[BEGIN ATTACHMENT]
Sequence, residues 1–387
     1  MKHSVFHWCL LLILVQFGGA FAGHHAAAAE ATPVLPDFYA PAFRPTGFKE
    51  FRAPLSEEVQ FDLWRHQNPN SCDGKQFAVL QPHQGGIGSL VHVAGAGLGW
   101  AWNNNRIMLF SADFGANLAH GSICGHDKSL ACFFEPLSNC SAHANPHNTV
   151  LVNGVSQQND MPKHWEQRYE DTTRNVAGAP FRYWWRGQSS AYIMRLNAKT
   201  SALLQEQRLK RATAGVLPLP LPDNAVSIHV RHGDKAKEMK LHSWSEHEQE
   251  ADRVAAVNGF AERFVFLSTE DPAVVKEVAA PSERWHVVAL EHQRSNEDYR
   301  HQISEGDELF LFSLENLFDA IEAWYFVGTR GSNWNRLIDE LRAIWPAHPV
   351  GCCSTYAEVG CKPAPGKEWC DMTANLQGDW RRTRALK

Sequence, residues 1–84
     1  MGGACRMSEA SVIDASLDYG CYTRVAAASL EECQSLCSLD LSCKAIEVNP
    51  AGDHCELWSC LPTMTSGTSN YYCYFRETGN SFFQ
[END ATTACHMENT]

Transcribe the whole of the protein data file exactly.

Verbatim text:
Sequence, residues 1–387
     1  MKHSVFHWCL LLILVQFGGA FAGHHAAAAE ATPVLPDFYA PAFRPTGFKE
    51  FRAPLSEEVQ FDLWRHQNPN SCDGKQFAVL QPHQGGIGSL VHVAGAGLGW
   101  AWNNNRIMLF SADFGANLAH GSICGHDKSL ACFFEPLSNC SAHANPHNTV
   151  LVNGVSQQND MPKHWEQRYE DTTRNVAGAP FRYWWRGQSS AYIMRLNAKT
   201  SALLQEQRLK RATAGVLPLP LPDNAVSIHV RHGDKAKEMK LHSWSEHEQE
   251  ADRVAAVNGF AERFVFLSTE DPAVVKEVAA PSERWHVVAL EHQRSNEDYR
   301  HQISEGDELF LFSLENLFDA IEAWYFVGTR GSNWNRLIDE LRAIWPAHPV
   351  GCCSTYAEVG CKPAPGKEWC DMTANLQGDW RRTRALK

Sequence, residues 1–84
     1  MGGACRMSEA SVIDASLDYG CYTRVAAASL EECQSLCSLD LSCKAIEVNP
    51  AGDHCELWSC LPTMTSGTSN YYCYFRETGN SFFQ